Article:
Psychology BA

College of Community Studies and Public Affairs
Undergraduate major / Bachelor of Arts

About this program

Psychology is the scientific study of human behavior. Students completing the BA in Psychology are prepared for careers in many diverse areas including management, social services, research, non-profit organizations, mental health, rehabilitation, public service, prevention, community service, consulting, recreation/activities, sales, and many other areas. Students are also prepared to pursue masters and doctoral study in professional areas such as counseling, clinical social work, research psychology, higher education, psychotherapy and psychological services.

Student outcomes

It is expected that all students receiving a BA degree with a psychology major will:

  • demonstrate mastery of a basic core of psychological knowledge and theory;
  • demonstrate an understanding of scientific methodology;
  • enhance their development of interpersonal and intercultural sensitivity;
  • demonstrate their ability to appropriately apply knowledge;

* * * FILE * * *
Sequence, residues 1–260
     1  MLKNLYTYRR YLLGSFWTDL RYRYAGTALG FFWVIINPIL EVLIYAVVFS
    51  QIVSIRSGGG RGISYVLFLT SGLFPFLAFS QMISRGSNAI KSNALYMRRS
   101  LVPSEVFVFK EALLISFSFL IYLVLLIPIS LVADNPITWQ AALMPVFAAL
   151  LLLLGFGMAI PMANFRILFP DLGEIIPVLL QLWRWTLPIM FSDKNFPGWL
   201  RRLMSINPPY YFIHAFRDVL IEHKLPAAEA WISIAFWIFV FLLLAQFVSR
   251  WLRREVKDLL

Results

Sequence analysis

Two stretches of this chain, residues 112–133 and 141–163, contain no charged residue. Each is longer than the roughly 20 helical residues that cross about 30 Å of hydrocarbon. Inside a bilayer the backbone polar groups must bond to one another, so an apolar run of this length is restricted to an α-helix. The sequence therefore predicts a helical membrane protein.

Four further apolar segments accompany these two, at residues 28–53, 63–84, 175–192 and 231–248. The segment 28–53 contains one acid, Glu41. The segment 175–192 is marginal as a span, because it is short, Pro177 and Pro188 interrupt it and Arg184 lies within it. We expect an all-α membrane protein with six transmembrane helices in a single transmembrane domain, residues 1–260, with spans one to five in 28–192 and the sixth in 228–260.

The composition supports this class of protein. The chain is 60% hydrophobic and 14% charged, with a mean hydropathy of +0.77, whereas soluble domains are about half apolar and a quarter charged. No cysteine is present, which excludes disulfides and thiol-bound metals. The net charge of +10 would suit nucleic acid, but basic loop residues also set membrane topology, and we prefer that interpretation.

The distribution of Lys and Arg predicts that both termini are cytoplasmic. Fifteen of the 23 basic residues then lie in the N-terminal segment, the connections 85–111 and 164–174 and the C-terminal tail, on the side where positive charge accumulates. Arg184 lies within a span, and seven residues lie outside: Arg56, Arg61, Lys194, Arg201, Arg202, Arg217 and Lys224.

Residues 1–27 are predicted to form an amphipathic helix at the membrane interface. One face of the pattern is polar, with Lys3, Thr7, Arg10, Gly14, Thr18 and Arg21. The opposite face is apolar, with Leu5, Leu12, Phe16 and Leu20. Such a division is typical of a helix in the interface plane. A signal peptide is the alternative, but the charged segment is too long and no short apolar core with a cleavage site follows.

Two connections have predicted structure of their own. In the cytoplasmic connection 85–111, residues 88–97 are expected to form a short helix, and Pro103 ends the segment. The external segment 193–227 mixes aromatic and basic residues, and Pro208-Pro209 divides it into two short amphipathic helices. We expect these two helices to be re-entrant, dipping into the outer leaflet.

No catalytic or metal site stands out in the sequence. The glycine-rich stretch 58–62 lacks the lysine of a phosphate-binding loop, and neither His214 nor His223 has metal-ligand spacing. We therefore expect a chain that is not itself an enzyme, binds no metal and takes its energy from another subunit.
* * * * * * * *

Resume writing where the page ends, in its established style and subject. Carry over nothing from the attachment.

• understand the ethical issues and standards of psychology; and
  • be able to integrate learning in psychology with the needs of a pluralistic society

Enrolling in this program

Current students: Declare your program

Once you’re admitted as an undergraduate student and have met any further requirements your chosen program may have, you declare your major or declare a minor.

Future students: Apply now

Apply to Metropolitan State: Start the journey toward your Psychology BA now. Learn about the steps to enroll or, if you have questions about what Metropolitan State can offer you, request information, visit campus or chat with an admissions counselor.

Get started on your Psychology BA

More ways to earn your degree: Metropolitan State offers the flexibility you need to finish your degree. Through programs at our partner institutions, you can find a path to getting your Psychology BA that works best for you.

About your enrollment options

Program requirements

All students are expected to have at least 40 credits in psychology during the course of their BA studies. This includes transfer credits as well as academic work completed at Metropolitan State. At least 24 credits in the major must be taken at Metropolitan State; and at least 30 credits must be upper division (taken at 300-level or above).

In addition to psychology major requirements, students must complete the university's general education and liberal studies requirements.

Psychology electives

Additional learning in psychology should be selected to form a coherent pattern appropriate to the student's goals and interests. Learning opportunities may include approved psychology-related courses, internships, faculty- or student-designed independent studies, prior learning assessments or theory seminars.